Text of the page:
Question: I was wondering if you can help me with something. I know you are very busy so I will keep this short. I have read that there is a mistranslation of a word concerning the virgin birth of Christ. In the Book of Isaiah there is a passage prophesising the virgin birth. There is a word, almah, which in Hebrew apparently means young woman with no implicit connotation of her being virginal. Yet the Septuagint translates this word as parthenos which can have connotations of virginity. Can you help me out with this (it's really bothering me)? Thank you!
Question: Last night I was talking to this lady about Catholicism and trying to respond to her claim that 'Catholics worship Mary'. I was finally able to get her to see the difference between asking her to pray for us and worship. The question she asked that I had trouble answering even for myself was why ask Mary to pray for us when we can ask Jesus Himself for whatever we need? Sort of like, why ask the clerk to solve a problem when you can go to the boss? I find that people who have these convictions are very fixed in them and unwilling to believe they are not true. She knows another lady who is very devoted to Mary and it would be easy for non-Catholics to see that as worship by their definitions. Fundamentalists also have a visceral reaction to statues. I think they form quite a barrier to fundamentalists and for myself, and I don't see them as being necessary or even helpful. Holy cards are sufficient. What do you think?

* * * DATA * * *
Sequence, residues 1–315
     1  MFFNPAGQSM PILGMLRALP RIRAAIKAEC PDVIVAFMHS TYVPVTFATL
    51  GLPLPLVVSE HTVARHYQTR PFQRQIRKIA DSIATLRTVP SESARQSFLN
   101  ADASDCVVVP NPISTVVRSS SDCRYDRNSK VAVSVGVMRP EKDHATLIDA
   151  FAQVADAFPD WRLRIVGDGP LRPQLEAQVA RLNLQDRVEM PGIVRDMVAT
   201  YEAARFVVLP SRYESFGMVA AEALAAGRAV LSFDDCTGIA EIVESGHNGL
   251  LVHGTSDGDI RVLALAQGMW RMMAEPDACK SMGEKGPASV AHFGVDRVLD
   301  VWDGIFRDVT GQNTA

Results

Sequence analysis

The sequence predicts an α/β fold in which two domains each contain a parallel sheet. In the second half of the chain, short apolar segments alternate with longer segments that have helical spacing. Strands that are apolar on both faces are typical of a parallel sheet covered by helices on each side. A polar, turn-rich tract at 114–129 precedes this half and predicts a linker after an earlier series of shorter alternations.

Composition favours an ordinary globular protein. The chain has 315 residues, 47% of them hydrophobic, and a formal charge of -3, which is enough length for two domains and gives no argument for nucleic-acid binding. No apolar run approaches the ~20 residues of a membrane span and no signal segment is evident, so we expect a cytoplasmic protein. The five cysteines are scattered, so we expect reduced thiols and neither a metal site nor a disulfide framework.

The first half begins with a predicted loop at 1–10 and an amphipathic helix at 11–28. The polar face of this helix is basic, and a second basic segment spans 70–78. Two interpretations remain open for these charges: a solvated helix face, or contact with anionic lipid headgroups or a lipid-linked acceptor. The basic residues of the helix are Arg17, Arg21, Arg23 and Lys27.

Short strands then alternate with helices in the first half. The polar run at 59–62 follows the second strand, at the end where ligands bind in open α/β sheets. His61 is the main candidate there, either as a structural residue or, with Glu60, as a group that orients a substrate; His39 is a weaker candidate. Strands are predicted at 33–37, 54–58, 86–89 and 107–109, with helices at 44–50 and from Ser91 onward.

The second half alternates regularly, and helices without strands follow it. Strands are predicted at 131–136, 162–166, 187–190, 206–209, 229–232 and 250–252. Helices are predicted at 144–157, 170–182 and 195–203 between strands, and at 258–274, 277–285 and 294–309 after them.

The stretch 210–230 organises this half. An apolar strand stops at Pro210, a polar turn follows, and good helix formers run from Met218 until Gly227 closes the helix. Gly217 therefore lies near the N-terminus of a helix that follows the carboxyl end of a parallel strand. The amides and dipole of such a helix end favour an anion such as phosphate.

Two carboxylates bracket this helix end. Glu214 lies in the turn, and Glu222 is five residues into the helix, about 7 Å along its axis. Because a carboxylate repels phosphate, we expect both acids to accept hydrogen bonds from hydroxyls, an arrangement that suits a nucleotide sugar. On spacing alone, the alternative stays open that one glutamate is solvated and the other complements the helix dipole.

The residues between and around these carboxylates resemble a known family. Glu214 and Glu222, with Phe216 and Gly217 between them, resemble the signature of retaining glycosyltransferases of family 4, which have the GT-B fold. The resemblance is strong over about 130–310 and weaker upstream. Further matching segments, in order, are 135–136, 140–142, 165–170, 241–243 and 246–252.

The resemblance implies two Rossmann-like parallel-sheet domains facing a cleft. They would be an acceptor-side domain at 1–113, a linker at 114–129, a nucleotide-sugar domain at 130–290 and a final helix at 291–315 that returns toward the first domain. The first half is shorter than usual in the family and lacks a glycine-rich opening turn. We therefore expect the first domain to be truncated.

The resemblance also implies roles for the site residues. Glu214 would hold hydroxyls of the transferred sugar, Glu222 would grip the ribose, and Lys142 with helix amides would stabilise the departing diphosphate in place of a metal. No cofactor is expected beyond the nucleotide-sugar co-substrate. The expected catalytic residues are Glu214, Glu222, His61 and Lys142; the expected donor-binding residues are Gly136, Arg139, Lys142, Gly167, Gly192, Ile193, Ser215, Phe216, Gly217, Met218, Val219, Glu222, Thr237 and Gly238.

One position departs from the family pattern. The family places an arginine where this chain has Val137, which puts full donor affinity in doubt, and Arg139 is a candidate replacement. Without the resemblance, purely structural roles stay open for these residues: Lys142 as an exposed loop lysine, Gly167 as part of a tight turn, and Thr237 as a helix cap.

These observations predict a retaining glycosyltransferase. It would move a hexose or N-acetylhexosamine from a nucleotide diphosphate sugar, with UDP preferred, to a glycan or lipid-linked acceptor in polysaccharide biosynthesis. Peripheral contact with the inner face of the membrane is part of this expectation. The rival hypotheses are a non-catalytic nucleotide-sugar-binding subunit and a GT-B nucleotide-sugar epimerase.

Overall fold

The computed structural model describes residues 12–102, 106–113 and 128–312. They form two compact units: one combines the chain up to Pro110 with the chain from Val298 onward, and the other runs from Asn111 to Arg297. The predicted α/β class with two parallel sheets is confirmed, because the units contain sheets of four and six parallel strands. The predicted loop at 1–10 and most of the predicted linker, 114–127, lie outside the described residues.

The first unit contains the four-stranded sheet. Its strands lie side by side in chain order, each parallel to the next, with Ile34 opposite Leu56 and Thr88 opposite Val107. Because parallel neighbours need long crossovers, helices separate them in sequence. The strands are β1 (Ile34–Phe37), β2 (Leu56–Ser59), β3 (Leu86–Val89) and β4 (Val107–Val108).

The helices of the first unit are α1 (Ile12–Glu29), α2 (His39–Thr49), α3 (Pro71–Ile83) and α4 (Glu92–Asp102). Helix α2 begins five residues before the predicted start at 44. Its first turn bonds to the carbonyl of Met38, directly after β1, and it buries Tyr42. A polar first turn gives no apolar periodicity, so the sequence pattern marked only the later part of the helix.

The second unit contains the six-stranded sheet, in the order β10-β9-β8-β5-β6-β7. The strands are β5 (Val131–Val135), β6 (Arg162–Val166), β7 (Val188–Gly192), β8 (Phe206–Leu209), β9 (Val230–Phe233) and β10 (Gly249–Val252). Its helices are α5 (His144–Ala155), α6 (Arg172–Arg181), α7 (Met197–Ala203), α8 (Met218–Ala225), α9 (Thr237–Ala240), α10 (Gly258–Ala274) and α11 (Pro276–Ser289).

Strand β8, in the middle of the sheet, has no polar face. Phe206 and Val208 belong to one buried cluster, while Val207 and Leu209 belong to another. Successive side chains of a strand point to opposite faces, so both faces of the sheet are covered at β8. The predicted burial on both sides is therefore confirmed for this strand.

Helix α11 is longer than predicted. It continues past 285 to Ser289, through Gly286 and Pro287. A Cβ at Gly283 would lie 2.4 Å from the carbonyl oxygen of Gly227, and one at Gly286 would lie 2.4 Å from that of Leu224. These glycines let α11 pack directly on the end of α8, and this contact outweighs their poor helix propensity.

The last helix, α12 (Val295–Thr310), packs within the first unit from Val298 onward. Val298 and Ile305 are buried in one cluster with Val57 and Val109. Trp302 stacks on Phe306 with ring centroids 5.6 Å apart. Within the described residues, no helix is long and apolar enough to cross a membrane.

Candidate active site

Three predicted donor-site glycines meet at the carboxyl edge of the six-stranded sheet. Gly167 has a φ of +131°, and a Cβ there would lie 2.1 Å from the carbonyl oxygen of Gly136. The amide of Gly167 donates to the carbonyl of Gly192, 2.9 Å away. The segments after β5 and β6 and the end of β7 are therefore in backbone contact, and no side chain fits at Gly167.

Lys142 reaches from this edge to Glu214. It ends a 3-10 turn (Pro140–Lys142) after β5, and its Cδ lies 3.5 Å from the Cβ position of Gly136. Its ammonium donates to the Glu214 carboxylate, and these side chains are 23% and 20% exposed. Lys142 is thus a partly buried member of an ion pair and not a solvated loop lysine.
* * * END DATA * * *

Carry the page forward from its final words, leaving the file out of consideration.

Question: My name is Andrew Peters and I am a Catholic with a Fundamentalist Father. I can usually come out on top of most of our debates but he always stumps me with one about the Immaculate Conception. I've searched Catholic websites and picked the brains of other Catholics but no one has an answer that can satisfy me. I was hoping you could help me out or at least tell me that I'm not the only one ever faced with this argument! It goes like this:The problem is that if (2) is possible, then (1) becomes sort of a ridiculous statement. Why even worry about the possibility of Mary passing on her sin to Jesus if we weren't worried about Anne passing hers on to Mary? Why not just conceive Jesus immaculately without involving Mary? My answer is usually something along the lines of "I don't know why God decided to do it that way, he just did", which of course satisfies neither of us and he goes away with a victory. Most of my arguments for Mary are based on (1) so if he can show that it isn't true or necessary, he defeats me in a big way. I was hoping you could help me answer that question: Why even worry about the possibility of Mary passing on her sin to Jesus if we weren't worried about Anne passing hers on to Mary? Why not just conceive Jesus immaculately without involving Mary?
If Christ were to be perfect, Mary his mother must have been perfect also since otherwise she would have passed on her original sin to her son.
But for Mary to be perfect, St. Anne her mother did not have to be perfect because Mary was immaculately conceived by a special grace from God.